Quick Track: Beginner’s Guide to Azure SQL- Authentication and Access Management

Picture by George Becker

Authentication and Authorization are the two things that we need to get familiar with when we learn about the Access management.

Authentication is proving that we are the same user who we say we are. Below are the authentication methods available in Azure.

SQL Authentication: Azure SQL Database and for the Managed instance (MI) supports SQL authentication. This is just like any regular SQL Authentication account with username and the password. When you create the server, you will need to create the SQL authentication account which will become the server admin that will have database owner on all the databases. This account can create other SQL authentication accounts on the server as well.

Azure Active Directory: There is a centralized location for the identities and permissions to database users to be stored for the Azure active directory authentication. As the password is only stored at one location, it becomes easier for the administrators to manage the identities and for maintaining the passwords. This authentication is supported for Azure SQL database, Managed instance (MI) and Azure synapse analytics. The Active directory admin will become the server admin where to create other AD logins, only the Active directory admin can create the other AD accounts having permissions to Azure SQL database. Multi factor authentication option is available for this option. Authentication app can be used as the multi factor authentication where it provides phone call/text message/authentication app to confirm the identity. This authentication type will use the contained database users to connect to the database to access the database objects.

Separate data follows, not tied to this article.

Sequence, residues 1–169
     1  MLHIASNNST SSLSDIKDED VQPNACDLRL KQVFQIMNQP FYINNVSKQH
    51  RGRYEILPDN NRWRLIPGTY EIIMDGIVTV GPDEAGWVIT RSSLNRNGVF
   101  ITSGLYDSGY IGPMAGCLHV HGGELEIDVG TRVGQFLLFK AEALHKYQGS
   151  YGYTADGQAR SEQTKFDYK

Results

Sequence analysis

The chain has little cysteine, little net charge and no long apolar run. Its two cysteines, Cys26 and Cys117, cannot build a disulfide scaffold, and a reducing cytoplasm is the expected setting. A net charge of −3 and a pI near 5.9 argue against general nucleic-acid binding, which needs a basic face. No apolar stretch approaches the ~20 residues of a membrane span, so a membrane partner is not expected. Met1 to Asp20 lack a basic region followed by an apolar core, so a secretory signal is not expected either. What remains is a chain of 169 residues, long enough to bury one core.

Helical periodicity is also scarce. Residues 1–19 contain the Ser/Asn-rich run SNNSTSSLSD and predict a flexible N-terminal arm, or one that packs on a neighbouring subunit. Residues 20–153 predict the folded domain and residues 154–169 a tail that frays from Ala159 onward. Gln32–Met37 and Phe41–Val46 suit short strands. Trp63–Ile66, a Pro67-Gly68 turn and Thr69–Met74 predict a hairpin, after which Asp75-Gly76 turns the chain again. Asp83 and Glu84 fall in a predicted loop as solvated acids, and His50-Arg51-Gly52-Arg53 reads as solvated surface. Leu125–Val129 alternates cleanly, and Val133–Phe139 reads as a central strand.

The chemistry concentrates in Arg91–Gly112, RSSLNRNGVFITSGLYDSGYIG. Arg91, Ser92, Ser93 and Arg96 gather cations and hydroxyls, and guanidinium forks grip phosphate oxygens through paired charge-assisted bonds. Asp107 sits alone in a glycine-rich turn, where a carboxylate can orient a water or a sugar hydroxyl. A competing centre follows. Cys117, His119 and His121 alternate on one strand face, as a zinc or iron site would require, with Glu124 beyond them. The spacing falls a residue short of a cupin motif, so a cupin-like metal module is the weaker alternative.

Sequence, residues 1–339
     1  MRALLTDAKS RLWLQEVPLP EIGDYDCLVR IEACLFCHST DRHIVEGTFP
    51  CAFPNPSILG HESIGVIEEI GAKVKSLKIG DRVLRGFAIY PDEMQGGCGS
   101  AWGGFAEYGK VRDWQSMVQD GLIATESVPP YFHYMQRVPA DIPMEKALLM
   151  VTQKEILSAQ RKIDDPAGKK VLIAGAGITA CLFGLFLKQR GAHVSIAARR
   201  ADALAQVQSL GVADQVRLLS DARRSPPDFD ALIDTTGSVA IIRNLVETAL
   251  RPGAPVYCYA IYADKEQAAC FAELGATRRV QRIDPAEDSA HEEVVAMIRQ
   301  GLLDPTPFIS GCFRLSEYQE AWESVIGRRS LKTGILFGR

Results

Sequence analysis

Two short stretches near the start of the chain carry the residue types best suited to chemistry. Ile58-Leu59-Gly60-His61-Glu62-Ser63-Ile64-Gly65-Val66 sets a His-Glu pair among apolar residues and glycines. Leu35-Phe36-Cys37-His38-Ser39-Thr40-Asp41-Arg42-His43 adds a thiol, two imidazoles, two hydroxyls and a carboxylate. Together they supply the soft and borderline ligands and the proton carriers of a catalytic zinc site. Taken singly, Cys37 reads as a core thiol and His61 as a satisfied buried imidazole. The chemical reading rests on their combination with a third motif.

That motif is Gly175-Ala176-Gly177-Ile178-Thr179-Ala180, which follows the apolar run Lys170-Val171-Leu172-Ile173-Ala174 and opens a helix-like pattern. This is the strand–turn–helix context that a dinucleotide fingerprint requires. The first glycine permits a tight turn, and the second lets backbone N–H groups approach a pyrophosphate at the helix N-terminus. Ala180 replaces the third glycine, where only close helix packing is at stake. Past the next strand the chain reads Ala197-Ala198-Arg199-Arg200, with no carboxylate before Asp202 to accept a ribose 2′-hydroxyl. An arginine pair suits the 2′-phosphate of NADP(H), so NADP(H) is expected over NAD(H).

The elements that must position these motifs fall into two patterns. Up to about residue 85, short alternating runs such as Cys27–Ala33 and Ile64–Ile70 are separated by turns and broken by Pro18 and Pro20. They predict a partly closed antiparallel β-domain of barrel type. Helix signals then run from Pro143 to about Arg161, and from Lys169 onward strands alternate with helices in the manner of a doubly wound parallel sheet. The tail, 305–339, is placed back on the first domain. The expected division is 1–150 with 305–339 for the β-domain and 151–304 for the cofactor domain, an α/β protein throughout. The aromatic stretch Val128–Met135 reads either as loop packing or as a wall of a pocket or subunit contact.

Active directory will support the users with the login id and password, Integrated (single sign-on) authentication used when there is a trust built between the Active directory and the Azure AD using windows authentication. Universal/interactive with multi factor authentication is where the password is generated dynamically. There is a token authentication where a token is generated from Azure AD and as we pass this token to the SQL. Source: here.

One of the important point to remember is, the Azure active directory admin has to create the Azure active directory login. SQL authentication logins cannot be created by Azure AD logins. The other type of users that the Azure AD supports are individual user accounts, group accounts, service principles.

To create the Azure AD account, you can create the account by running on virtual master database. please see sample code to create Azure AD login here.

Lets learn a bit about the differences in the logins and users in between the managed instance and Azure SQL database

Managed Instance: You can create the Azure AD server admin along with the SQL server admin. You can create the SQL logins even when you only enable Azure AD only authentication but you cant connect until you enable the SQL authentication. You can create the SQL or the Azure AD logins, Database users and database contained users. You can also create the Server trust group for the distribution transaction scenarios between the two instances.